Even in 2011, when Justin Verlander took home the AL MVP, something Pedro was never able to do. Not surprisingly, Pedro has a problem with that. He went on Boston sports radio station WEEI and discussed it.
"I was kind of pissed off at first, but then I went to realize that they [the voters] are going to have to live with that label on their back. If anyone calls them prejudice or racist for not voting for me, everyone will have to understand that it’s their responsibility for not voting for me at that time ... Now, after, what, 11 years, I see that they finally voted for another pitcher. Guess what: That pitcher is American. I was a Dominican-born player. That made me feel kind of awkward about it. If you compare my numbers to Justin’s, not taking anything from what he did, my numbers were way better. It would have been a lot easier for the voters to just do it. Do it. Just like that, do it."
Pretty heavy stuff, and I'm not entirely sure that there's racism behind the vote, but Pedro most definitely has a point. When you look at his numbers, both compared to Verlander and his peers back in his prime.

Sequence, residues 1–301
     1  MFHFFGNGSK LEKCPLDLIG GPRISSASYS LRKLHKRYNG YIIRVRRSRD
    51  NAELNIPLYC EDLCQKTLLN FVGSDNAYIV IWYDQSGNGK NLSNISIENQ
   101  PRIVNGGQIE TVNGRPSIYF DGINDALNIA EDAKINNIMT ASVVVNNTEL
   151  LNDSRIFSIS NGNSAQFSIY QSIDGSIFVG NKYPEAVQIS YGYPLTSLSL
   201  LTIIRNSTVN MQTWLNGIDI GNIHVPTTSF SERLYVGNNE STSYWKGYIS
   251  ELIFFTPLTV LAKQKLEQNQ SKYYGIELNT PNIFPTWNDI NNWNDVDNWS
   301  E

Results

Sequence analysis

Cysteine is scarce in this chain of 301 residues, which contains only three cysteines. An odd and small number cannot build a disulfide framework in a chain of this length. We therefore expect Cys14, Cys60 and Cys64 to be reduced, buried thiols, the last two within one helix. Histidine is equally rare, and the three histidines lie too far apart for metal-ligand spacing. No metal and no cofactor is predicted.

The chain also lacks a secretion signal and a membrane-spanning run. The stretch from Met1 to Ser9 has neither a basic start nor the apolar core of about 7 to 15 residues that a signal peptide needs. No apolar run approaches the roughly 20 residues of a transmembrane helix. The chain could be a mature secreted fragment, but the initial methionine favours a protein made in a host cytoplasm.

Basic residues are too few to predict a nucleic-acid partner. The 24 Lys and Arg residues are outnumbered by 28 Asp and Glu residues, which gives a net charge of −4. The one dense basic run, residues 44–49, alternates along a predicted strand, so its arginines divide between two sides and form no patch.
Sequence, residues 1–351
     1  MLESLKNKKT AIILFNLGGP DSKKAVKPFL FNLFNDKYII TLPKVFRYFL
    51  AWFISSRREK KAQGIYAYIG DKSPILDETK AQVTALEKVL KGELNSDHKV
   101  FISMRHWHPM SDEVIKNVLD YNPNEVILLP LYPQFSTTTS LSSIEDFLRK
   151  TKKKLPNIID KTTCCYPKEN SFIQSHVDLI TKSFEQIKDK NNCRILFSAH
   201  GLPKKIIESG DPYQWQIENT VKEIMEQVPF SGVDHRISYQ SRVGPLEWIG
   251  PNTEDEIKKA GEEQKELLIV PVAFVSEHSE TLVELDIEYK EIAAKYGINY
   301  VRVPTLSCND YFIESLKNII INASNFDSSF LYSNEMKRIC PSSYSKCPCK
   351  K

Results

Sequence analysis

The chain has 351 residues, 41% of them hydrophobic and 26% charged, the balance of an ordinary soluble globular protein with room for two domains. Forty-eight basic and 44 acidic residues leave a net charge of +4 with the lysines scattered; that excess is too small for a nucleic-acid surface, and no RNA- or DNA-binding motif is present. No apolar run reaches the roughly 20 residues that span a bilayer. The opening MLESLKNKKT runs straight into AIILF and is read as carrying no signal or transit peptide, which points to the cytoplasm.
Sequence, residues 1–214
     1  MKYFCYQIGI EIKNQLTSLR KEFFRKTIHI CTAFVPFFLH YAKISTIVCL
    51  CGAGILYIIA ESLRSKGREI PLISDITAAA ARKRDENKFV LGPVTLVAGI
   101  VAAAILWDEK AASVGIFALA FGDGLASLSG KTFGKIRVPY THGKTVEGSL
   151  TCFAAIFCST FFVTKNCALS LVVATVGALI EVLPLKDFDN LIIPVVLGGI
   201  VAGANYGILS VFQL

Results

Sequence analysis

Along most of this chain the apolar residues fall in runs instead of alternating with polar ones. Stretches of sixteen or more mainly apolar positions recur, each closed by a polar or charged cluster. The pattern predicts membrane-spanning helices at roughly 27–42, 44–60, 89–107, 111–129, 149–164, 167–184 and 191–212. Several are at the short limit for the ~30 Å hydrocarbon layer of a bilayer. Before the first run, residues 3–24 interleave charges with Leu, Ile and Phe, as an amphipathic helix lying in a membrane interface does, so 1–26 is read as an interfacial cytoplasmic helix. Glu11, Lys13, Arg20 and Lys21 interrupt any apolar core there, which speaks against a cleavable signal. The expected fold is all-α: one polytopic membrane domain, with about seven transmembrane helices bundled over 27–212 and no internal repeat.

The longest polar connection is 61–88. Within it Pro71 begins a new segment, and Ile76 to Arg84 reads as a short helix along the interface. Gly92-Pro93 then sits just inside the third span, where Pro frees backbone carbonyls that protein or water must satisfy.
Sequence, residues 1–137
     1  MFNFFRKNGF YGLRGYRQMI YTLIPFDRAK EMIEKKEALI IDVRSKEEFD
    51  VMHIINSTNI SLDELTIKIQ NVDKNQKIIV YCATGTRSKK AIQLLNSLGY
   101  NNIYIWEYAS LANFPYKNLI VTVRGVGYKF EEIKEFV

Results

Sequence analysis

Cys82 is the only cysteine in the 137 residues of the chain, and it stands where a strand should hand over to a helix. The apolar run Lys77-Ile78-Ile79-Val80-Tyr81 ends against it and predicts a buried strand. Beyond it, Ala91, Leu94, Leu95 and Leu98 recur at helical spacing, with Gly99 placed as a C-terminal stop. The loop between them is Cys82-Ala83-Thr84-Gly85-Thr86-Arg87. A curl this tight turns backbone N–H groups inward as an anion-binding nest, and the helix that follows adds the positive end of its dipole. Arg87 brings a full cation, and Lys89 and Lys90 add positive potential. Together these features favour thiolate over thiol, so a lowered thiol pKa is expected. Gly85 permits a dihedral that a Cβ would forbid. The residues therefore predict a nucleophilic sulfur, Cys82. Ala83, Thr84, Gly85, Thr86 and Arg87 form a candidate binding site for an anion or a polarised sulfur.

This was my initial problem when looking at the AL MVP options this year. Based solely on who was most valuable to their team, there's no doubt that Verlander was the obvious choice. However, based on the precedent of seeing Pedro get snubbed, especially in 1999, the requirements were shifted.
For me, it's no longer a case of whether or not a pitcher is truly the most valuable player in the league. After 1999, it became a case of "was this guy more dominant than Pedro was, back in 1999?"
In Verlander's case, he simply wasn't. He was without a doubt the best pitcher in the AL. He was without a doubt the most valuable player in the AL. He deservedly won the MVP. But there's no way anyone can look me in the eye and honestly make the case that he was better than Pedro Martinez, circa 1999.
|Verlander 2011||Martinez 1999|
You can make the call. Personally, I'll take Pedro. The most ridiculous number is that 243 ERA+. Believe it or not, his 2000 season was arguably better. I never thought I'd say this, but Napoleon Dynamite had it right this time.
It's a little late for Pedro to start chirping about it now, but he definitely has a valid point. Whether it's racism or not, he got robbed. But as he said, perhaps this will pave the way for future pitchers to get recognized appropriately.